French President Francois Hollande announced Tuesday that he will move forward with his plans to cut public spending and grant tax breaks to businesses, while accepting the harsh reality of the French people's unhappiness with his failure to deliver on pledges to turn the economy around.
McDonald's came under fire on Tuesday after allegations from the French magazine L'Express claimed the food chain was under investigation by tax authorities for failing to pay taxes on 2.2 billion euros ($3 billion) of income from its 314 French locations.
France has always been very fond of its culture. So fond, in fact, that it is contemplating taxing Facebook and YouTube for propelling services that affect the cultural fabric of L'hexagone. Under the country's "cultural exception," French cinema and music industries are protected against outside-especially American-companies that could harm the propagation of la culture française.
The United States continued construction on what appears to be a wide net designed to catch tax evaders on Thursday by cooperating with France in the fierce global tax battle. The agreement was signed in Paris by Finance Minister Pierre Moscovici and the United States ambassador, Charles H. Rivkin.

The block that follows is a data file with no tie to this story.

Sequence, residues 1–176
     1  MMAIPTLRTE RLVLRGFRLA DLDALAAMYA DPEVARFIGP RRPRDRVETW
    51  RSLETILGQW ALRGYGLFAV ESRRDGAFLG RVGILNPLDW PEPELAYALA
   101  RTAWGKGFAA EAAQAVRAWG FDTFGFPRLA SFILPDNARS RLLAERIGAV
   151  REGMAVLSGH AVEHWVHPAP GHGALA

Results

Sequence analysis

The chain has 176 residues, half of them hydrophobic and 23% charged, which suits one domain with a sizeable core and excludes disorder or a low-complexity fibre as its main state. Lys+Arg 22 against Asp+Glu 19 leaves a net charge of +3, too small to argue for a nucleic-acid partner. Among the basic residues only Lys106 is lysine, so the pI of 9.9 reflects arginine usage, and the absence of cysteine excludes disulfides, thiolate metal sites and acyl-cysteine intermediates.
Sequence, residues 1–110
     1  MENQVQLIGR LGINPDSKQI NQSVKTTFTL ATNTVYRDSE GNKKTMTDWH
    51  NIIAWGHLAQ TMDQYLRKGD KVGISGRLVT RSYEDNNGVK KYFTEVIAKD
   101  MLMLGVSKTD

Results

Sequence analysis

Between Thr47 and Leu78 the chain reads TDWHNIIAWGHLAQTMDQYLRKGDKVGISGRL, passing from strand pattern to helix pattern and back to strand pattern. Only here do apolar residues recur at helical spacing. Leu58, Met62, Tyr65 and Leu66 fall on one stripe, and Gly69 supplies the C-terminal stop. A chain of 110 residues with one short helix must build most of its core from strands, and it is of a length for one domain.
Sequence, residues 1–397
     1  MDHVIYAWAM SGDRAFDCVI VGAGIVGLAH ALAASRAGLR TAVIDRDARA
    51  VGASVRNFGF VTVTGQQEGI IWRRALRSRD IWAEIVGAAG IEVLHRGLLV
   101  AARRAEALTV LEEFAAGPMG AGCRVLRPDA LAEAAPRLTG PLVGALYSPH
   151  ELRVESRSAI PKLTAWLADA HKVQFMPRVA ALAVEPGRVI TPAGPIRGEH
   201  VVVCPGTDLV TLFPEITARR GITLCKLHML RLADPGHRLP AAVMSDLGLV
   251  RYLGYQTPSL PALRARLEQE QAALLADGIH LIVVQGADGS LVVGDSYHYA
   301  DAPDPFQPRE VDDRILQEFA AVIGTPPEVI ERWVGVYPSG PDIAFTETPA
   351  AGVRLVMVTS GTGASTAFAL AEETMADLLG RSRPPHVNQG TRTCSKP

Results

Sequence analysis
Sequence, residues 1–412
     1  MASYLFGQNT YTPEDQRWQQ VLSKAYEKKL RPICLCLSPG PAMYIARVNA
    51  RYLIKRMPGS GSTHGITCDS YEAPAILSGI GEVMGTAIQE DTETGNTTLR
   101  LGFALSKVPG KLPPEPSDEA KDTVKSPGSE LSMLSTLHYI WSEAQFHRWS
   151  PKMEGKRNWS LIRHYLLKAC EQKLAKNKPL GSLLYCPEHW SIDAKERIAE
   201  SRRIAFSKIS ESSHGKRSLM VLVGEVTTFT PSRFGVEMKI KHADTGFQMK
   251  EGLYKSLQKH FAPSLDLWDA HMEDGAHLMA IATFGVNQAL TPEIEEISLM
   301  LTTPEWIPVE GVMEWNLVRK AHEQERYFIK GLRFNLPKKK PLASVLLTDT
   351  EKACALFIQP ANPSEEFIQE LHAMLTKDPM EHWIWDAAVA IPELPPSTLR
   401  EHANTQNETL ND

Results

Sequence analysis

French lawmakers have stepped up their fight against tax evasion on Thursday by faulting several financial players, including banks that enable a flight of tax revenue estimated at $110 billion a year. Among the 34 proposals adopted in the Senate were sanctions against those who advertise services that protect money in offshore accounts.
If sugary drinks are your bread and butter then you may not be too happy with the Mexican government's proposal to penalize sugary beverages with a special tax in an attempt to contain obesity and Type 2 diabetes. Mexico would be following the example of France and Hungary by taxing sweet drinks in the name of public health.
Four years ago, US tax probes into UBS found the bank aiding wealthy American clients evade paying federal taxes by placing their funds into secret Swiss bank accounts. The settlement, one of the largest in history, consisted of UBS paying over $780 million to the United States and, most controversially, handing over the names and account information of about 4,500 US taxpayers.